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THE EXCEPTIONALLY HIGH CARBON STOCKS OF MANGROVES AND THEIR POTENTIAL FOR THE GLOBAL MARKET OF CARBON - A REVIEW OF RECENTLY PUBLISHED INFORMATION AND THE RESPONSE OF THE AQUACULTURE INDUSTRY

Iris J. C. Hernandez*, Acacia Alcivar-Warren

UNA SALUD/ONE HEALTH Genomics & Epigenetics Program, Fundacipara la Conservacide Biodiversidad Acuy Terrestre (FUCOBI), Quito, Ecuador; E-mail: fucobi@gmail.com
The role of land forests as a source and sink of greenhouse gases (GHG) is well known.1-4 Recent evidence indicates that another major source of GHG release is through the conversion of land use, from carbon (C) stored in the biomass and in deep sediments of marine ecosystems such as mangroves (Fig 1).2 In regions of Latin America and Asia large tracts of coastal mangrove forests have been cut down and destroyed for agricultural and/or aquaculture purposes, coastal development, and other uses. C emissions resulting from the conversion of mangroves to other uses are exceptionally high due to the large deposits of C in mangroves and the high vulnerability of these due to the conversion. This deforestation has resulted in the destruction of habitats for local fauna and the release of a large amount of C stored in the mangrove sediment/soil.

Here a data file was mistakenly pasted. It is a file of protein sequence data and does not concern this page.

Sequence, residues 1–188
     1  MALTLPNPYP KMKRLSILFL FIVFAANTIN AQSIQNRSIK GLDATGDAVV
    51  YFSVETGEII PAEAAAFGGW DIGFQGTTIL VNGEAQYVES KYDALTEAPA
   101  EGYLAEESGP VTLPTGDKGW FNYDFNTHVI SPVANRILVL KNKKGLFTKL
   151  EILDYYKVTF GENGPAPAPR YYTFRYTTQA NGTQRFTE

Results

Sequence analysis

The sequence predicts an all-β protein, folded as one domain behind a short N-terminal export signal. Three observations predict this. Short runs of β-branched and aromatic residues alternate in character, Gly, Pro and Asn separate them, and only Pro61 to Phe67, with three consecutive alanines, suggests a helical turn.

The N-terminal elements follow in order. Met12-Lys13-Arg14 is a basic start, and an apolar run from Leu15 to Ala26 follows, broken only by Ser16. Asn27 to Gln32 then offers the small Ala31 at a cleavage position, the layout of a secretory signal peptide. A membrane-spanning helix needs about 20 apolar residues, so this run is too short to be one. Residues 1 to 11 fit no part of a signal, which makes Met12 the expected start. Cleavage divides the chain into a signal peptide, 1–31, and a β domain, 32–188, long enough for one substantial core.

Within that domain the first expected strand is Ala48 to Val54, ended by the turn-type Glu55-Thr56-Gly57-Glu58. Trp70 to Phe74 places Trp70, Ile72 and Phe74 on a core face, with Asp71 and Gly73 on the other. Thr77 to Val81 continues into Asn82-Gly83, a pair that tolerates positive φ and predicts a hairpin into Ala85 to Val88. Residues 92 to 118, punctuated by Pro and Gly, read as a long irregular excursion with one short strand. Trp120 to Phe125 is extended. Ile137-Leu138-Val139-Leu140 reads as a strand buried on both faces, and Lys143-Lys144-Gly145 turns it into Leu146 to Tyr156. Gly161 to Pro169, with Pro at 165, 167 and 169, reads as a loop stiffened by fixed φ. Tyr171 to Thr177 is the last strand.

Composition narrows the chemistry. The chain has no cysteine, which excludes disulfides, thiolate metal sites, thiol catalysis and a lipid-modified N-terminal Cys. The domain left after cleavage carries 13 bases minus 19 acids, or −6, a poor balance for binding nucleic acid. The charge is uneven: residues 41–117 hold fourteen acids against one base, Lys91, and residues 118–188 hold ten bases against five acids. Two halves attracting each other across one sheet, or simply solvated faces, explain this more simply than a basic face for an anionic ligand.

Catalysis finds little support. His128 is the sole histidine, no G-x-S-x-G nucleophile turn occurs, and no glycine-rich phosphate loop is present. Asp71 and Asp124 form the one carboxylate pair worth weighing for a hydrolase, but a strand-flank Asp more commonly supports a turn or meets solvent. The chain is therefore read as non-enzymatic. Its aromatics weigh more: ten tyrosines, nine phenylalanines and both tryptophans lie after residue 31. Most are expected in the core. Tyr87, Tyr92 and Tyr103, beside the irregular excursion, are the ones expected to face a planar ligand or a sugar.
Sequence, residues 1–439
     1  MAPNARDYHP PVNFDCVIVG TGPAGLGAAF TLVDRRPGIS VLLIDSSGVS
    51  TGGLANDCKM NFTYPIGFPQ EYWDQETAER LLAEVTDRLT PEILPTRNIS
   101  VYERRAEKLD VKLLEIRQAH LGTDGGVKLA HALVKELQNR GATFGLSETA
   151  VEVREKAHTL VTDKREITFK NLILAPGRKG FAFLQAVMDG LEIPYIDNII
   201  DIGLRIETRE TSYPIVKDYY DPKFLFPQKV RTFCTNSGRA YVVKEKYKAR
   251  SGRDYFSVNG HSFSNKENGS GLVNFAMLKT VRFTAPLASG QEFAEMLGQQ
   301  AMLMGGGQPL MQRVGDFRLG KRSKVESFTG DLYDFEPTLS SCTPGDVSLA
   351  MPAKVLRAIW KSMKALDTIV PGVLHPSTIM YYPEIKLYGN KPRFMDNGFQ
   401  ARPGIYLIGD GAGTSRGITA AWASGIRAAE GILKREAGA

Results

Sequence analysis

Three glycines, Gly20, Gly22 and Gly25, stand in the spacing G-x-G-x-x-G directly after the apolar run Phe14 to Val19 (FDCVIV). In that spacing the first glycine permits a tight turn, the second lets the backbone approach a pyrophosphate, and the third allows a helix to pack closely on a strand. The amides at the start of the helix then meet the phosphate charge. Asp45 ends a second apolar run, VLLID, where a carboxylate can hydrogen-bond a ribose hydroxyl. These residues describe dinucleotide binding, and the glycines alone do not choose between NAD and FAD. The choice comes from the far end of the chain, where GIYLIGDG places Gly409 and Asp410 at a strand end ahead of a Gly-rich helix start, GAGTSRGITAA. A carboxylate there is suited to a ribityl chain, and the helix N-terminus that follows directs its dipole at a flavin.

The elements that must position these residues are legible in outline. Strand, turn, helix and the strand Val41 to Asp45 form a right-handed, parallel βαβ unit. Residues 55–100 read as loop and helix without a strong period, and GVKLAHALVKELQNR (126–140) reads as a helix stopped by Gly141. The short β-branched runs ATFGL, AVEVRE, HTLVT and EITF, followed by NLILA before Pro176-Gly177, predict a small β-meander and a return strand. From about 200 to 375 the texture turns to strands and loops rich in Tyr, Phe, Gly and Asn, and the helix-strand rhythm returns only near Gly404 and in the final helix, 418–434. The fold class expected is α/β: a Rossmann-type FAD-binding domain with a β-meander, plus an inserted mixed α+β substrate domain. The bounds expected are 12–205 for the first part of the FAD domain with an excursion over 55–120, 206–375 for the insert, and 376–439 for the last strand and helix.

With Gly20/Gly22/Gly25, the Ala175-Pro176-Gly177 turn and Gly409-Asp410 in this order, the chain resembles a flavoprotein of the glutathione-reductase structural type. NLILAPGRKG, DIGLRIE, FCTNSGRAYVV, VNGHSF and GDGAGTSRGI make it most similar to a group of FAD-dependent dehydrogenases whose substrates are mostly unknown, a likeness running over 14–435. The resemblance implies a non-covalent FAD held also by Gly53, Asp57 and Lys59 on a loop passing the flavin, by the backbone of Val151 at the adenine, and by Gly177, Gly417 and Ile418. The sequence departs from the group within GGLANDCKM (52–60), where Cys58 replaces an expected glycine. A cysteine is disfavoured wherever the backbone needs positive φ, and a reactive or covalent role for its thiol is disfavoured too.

The range of C stocks found in the mangrove ecosystems in Asia Pacific is 500-1200 megagram (Mg) of C/ha, which is equivalent to 1603 a 8023 Mg/ha of carbon dioxide (CO2).1 The biomass carbon map of Ecuador (Fig 2)4 will be used to discuss C emissions in coastal provinces where mangrove forests were converted to shrimp farms (Fig. 3). Viglizzo (2010)5 described the Ecological Footprint (EF) as an accounting tool to estimate the requirements of consumption and waste assimilation of a population or country in relation to the amount of productive land available. There are countries whose biological production capacity exceeds what they actually consume, like other nations who have a pattern of consuming more than their biological capacity to produce goods. So much so that in recent years there has been a tendency to differentiate other tracks such as Carbon Footprint (CF), which is important because of its direct relationship with GHGs, and its impact on the current global warming. It consists of a measure that attempts to quantify the amount of GHG emissions, expressed in CO2 equivalents, which are released into the atmosphere as a result of human activities. The importance of the CF is that this is a large part of the EF total. Coastal ecosystems such as mangroves, commonly reside on sediments rich in organic matter, they can be several meters deep and hold C efficiently, thanks to low oxygen conditions and other factors that inhibit the decomposition in depth. When mangroves are destroyed or converted to other uses, these C sediments are destabilized or exposed to oxygen, increase microbial activity, which causes the release of GHG, mainly C stored in undisturbed mangroves released into the atmosphere as CO2, CH4 and other species of C. The resulting impact of GHG emissions include not only environmental consequences such as rising sea level, and the frequency of extreme weather events, but the potentially high emissions of C resulting from the degradation of marine ecosystems, such as mangroves, can also be a new untapped opportunity of C mitigation, such as the program for "Reduction of C Emissions caused by Deforestation and Forest Degradation (REDD)" of the UN, in which economic incentives are taken into account to maintain forests that are C deposits.